Recently, I read Lullaby (For a Black Mother) with both my daughters, aged five and two.
My eldest chose it on our trip to the library.
I’m big on my kids choosing their own books. Sure, sometimes I steer and suggest based on their interests and levels (as an example, we also have a copy of Jack and the Beanstalk at home currently due to having talked about that story at dinner one night), but usually I try to let them pick their own.
On this trip, my eldest was quite definitive about this one. We arrived; she pulled it quickly off the shelf, handed it to me declaring “this one!” and then wandered off to play showing it no more interest until we left.
At which point she made sure we had it.
The book is an illustration of Langston Hughes‘ beautiful poem. Here it is in full:
My little dark baby,
My little earth-thing,
My little love-one,
What shall I sing
For your lullaby?
A necklace of stars
Winding the night.
My little black baby,
My dark body’s baby,
What shall I sing
For your lullaby?
Great diamond moon,
Kissing the night.
Oh, little dark baby,
Night black baby,
For your sleep-song lullaby!
Hughes, who had no children, wrote this as a young man. It was included in a 1932 collection entitled “The Dream Keeper and Other Poems” and included poems about the moon, rain, rivers and fairies. According to the back of this book, he also wrote about maple-sugar children in sugar houses and dreams with “poems being his way to wrap dreams up in a soft blanket and keep them safe.”
The back of this book posits he may have written Lullaby thinking of himself as a child and his mother, who in the absence of his father, worked numerous jobs and was often gone leaving him with his grandmother. However, whenever she did come home, they would go to the library, which Langston loved. Of that period of his life he has said:
I was unhappy for a long time, and very lonesome, living with my grandmother. Then it was that books began to happen to me, and I began to believe in nothing but books and the wonderful world in books — where if people suffered, they suffered in beautiful language, not in monosyllables, as we did in Kansas.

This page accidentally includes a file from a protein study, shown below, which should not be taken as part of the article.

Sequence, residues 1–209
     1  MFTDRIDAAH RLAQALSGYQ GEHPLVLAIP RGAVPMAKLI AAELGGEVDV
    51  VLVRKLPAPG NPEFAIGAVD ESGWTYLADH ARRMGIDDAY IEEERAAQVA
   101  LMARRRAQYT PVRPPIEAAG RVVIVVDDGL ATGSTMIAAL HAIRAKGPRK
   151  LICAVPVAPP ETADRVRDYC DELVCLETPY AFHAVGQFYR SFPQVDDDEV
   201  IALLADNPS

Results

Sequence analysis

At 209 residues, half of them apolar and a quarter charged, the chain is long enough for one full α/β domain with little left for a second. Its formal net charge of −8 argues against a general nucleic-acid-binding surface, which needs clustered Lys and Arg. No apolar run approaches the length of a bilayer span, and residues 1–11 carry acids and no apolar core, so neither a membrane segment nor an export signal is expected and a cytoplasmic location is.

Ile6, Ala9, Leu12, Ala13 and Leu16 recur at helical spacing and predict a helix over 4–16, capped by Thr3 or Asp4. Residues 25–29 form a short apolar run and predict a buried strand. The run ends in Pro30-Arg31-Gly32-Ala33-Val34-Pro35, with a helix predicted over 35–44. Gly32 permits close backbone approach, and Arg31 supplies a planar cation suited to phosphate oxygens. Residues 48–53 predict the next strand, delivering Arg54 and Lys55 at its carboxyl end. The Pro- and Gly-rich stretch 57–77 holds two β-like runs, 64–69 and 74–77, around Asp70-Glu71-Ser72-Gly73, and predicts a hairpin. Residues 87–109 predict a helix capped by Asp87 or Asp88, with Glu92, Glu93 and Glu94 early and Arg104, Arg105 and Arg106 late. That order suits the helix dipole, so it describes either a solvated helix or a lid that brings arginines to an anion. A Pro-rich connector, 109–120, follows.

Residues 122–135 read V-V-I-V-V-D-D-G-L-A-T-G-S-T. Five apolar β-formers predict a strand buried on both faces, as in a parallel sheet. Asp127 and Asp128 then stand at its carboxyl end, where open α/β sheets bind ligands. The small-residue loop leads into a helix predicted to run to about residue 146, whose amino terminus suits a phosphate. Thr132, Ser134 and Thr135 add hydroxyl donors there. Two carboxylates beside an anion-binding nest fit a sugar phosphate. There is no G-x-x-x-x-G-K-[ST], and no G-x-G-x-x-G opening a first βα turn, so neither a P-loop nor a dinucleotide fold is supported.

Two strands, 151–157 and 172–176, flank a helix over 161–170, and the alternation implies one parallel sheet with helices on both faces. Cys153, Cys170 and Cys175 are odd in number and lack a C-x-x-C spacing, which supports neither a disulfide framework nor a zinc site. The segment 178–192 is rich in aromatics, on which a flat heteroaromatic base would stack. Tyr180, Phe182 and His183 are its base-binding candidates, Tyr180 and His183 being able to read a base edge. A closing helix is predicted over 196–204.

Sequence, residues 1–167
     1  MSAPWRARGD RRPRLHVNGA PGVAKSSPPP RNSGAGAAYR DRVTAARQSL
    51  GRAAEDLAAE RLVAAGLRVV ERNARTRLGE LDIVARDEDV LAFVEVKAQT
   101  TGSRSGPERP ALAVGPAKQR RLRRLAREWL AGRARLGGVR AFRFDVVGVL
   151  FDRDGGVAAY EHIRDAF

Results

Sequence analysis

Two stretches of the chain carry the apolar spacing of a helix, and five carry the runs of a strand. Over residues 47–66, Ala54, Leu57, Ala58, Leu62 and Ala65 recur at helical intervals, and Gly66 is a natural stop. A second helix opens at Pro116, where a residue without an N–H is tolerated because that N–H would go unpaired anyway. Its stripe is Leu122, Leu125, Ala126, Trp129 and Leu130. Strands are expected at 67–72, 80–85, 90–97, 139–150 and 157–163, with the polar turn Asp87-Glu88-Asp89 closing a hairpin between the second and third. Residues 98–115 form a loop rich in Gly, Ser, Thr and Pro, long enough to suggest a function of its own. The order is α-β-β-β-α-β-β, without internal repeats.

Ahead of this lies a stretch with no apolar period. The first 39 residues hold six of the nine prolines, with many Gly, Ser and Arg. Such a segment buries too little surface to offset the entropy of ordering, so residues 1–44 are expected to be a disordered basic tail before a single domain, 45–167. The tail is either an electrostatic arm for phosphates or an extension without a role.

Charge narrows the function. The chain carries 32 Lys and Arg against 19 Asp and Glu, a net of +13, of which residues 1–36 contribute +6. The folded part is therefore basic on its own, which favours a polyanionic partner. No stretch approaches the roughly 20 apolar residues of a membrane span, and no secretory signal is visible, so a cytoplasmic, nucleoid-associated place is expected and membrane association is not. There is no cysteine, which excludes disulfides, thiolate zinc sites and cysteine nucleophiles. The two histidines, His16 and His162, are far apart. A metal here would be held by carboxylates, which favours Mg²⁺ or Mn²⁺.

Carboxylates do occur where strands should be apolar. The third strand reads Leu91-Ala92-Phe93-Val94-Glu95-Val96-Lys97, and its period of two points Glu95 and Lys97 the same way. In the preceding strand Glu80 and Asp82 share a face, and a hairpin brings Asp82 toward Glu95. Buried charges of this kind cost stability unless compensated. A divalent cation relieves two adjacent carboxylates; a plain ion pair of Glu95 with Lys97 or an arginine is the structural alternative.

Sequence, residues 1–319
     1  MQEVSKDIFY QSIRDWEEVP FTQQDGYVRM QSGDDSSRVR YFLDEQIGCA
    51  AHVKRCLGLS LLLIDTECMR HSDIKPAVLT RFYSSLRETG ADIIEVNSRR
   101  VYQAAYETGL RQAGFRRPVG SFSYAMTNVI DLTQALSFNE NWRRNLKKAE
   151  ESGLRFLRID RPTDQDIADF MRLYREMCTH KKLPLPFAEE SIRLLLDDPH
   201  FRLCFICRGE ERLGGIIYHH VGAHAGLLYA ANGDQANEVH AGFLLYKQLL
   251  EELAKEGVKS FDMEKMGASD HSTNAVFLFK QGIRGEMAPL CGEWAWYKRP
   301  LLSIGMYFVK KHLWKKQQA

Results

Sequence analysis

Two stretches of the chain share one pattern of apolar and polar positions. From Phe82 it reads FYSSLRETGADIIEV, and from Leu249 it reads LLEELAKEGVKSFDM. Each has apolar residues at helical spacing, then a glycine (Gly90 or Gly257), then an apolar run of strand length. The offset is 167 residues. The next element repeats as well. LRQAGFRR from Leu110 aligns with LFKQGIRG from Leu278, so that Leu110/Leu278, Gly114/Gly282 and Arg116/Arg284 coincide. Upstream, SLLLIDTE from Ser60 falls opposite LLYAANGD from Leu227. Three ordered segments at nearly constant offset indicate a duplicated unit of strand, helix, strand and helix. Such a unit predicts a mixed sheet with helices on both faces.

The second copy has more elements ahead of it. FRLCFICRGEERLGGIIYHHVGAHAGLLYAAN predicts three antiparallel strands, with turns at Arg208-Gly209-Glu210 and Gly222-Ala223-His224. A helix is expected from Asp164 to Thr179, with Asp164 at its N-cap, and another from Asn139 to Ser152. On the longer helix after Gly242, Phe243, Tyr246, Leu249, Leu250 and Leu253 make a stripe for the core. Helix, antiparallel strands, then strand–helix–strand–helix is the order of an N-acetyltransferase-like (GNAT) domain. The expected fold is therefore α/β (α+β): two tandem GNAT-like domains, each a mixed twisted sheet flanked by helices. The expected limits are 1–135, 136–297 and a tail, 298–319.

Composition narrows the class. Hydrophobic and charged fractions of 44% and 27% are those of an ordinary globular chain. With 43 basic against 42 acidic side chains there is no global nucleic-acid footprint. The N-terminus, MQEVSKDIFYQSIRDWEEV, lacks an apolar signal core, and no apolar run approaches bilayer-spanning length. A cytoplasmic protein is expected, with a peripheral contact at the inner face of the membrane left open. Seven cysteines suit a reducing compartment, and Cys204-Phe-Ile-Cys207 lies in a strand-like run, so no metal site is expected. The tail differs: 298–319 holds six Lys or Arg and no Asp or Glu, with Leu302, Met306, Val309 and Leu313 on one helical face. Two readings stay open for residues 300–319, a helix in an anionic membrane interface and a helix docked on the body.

Returning to the book we read, the illustrations – by Sean Qualls – are as beautiful as the poem giving the entire book a calming, nighttime, ethereal, dreamy and all together peaceful feel.
But I never would have picked it up for my kids.
On quick inspection, I thought it was a beautiful picture book, but obviously not targeted at my family because, well, I’m not a black mother and I don’t have black babies. So reading a lullaby specific to a culture not my own didn’t seem to fit.
My 5-year-old saw none of that.
I asked why she chose the book and her answer was that it looked like the mom on the cover was going to kiss the baby and she liked that.
We read through it a couple of times the first night we chose it for bedtime reading. By the end of the first read my two-year-old was repeating bits. By the second read she was anticipating certain parts and saying it along with me.
Necklace of stars, great diamond moon…. mother’s love and sweet dreams. That’s all they saw and heard.
It’s funny. Having worked and volunteered as a literacy tutor I remember scouring donation bins to find books showing different ethnicities because I think it’s important for kids to see their culture and heritage represented on the page.
My daughter’s class photo is a simple – and wonderful – reminder of how multicultural we are here in Ottawa.
This book was a good reminder to me that it’s equally important for kids to see a variety of cultures accurately and equally represented in what they read and watch.
I hope as my girls get older and begin to realize the many things that impact and influence how people can view others, that they remember simple moments and messages like the one they got from this book.
Because at this moment they are truly and beautifully blind to colour. All they see is a mother hugging her child; lovingly putting him to bed; with clouds, stars, moon and sweet dreams.
These moments are one of the many things I love about parenthood – being able to see the world anew through my kids eyes – so simply and clearly.